Psychology News

These research articles involve many aspects of psychology such as cognitive psychology, depression studies, mental health, stress, happiness and neuropsychology, Scroll below for more specific categories.

Live music significantly amplifies emotional responses in the brain compared to recorded tunes. By measuring amygdala activity, researchers found that live performances evoke stronger emotional reactions, fostering a deeper cognitive and affective processing throughout the brain.
Affective computing is transforming how machines understand human emotions, enabling them to respond to our feelings in real-time. This interdisciplinary field merges computer science, psychology, and neuroscience, aiming to enhance human-machine interactions.
Researchers provide novel insights into female psychopathy, challenging the conventional 6:1 male-to-female psychopath ratio with new evidence suggesting a closer 1.2:1 ratio. The research indicates that societal gender biases have obscured the true nature and prevalence of female psychopaths, who often employ manipulation and seduction rather than violence to achieve their goals.
New research delves into how valence weighting bias—people's tendency to prioritize negative or positive attitudes—plays a crucial role in procrastination. By studying individuals' responses to tasks like tax filing and academic research participation, the researchers found a strong link between a negative-leaning attitude and the tendency to delay tasks.
A new study reveals a direct correlation between adversities faced in childhood and adulthood with later psychiatric and cognitive decline. Analyzing data from nearly 3,500 individuals over 24 years, the study found that even a single instance of childhood adversity can heighten the risk of mental illness, while adult adversities are linked to both psychiatric disorders and cognitive deterioration.
Researchers made a groundbreaking discovery in identifying a unique group of astrocytes, located in the brain's central striatum, that play a crucial role in regulating behaviors linked to neuropsychiatric disorders. This distinct subset of astrocytes expresses the gene Crym, coding for μ-crystallin, a protein associated with various human diseases.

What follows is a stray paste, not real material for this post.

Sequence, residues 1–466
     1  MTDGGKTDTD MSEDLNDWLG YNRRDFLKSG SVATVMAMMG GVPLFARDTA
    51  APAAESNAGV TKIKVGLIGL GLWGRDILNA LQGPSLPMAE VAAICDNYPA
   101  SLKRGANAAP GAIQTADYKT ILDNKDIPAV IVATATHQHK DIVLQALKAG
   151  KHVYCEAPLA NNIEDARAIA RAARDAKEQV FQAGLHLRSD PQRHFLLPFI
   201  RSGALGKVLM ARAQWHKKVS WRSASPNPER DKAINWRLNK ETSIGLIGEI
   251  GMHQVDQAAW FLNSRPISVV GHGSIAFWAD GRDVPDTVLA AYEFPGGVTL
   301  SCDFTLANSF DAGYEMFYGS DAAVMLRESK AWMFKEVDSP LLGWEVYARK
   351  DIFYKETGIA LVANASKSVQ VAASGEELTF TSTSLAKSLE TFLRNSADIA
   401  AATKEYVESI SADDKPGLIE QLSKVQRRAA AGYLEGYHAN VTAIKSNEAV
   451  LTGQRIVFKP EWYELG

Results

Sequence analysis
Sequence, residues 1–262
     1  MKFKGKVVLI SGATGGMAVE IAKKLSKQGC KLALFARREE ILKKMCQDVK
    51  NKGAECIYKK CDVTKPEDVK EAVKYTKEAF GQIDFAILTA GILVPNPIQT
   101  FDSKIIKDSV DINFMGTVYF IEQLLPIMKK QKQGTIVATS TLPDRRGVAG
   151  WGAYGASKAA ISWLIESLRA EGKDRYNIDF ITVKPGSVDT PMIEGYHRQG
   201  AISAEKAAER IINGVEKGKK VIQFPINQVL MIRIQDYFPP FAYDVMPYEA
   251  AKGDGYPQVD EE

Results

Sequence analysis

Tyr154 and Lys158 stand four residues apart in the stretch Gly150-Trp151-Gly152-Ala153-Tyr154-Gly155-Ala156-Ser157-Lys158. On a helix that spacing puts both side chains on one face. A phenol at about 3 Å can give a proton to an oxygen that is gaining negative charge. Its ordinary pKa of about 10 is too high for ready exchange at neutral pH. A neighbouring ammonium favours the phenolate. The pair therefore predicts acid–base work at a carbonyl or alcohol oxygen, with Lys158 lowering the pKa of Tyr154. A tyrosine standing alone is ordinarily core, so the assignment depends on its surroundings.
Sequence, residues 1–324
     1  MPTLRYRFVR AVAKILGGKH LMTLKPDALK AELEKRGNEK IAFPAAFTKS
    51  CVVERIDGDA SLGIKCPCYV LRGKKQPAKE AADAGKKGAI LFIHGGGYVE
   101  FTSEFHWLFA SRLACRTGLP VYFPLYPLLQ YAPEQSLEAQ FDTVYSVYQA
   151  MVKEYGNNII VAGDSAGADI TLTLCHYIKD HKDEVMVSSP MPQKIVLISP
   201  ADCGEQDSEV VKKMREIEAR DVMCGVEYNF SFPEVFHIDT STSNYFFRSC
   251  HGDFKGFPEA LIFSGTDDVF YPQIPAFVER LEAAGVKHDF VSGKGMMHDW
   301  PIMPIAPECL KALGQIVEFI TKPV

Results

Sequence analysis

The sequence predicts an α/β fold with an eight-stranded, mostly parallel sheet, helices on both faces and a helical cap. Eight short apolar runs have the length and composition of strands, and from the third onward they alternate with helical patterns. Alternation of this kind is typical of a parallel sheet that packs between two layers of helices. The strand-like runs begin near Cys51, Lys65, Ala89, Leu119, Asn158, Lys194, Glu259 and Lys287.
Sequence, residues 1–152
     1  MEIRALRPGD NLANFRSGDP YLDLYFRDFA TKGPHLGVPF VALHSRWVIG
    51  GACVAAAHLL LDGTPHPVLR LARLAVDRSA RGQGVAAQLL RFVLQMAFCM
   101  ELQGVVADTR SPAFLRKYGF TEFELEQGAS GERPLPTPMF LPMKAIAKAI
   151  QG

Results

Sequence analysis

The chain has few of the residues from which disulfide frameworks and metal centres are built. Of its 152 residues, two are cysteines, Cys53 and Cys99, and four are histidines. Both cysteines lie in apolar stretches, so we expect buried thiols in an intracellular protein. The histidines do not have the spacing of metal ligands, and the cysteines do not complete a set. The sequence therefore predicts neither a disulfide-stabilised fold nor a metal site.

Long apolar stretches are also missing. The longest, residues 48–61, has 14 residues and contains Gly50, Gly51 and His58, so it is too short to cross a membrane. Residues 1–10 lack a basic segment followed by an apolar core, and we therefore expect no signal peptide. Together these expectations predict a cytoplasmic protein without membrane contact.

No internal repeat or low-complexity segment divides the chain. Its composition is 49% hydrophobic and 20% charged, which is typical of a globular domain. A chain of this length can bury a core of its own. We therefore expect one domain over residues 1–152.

Researchers shed new light on why some individuals are more vulnerable to substance abuse than others, focusing on the relationship between impulsivity, dopamine production, and cocaine use. Through a study on rats, they discovered that impulsivity predicts cocaine consumption not through dopamine production capacity but possibly through the control of its release.
A new study examines the phenomenon of problematic pornography use (PPU) across 42 countries, involving over 82,000 people of diverse genders and sexual orientations. The research highlights how PPU affects a significant minority, leading to serious life consequences, yet remains largely unaddressed in terms of seeking help.
A recent study reveals that younger adults feel and appear older on days filled with stress, particularly when they perceive their control over life as diminished. This research, involving 107 participants aged 18 to 36, underscores the link between stress, perceived age, and control over one’s life on a daily basis.
A comprehensive review challenges the long-held belief that menopause directly causes psychological distress and mental health conditions in all women. This study finds no universal link between menopause and an increased risk of depression, anxiety, bipolar disorder, or psychosis. However, it identifies factors that heighten the risk of depressive symptoms during menopause, such as previous depression episodes, sleep disruption from hot flushes, and concurrent stressful life events.
A systematic review synthesizing data from 70 studies reveals significant insights into the relationship between loneliness, perceived social support (PSS), and personality disorders. The review found that individuals with personality disorder traits or diagnoses, except those with narcissistic traits, experience higher levels of loneliness and lower levels of PSS compared to the general population and other clinical groups.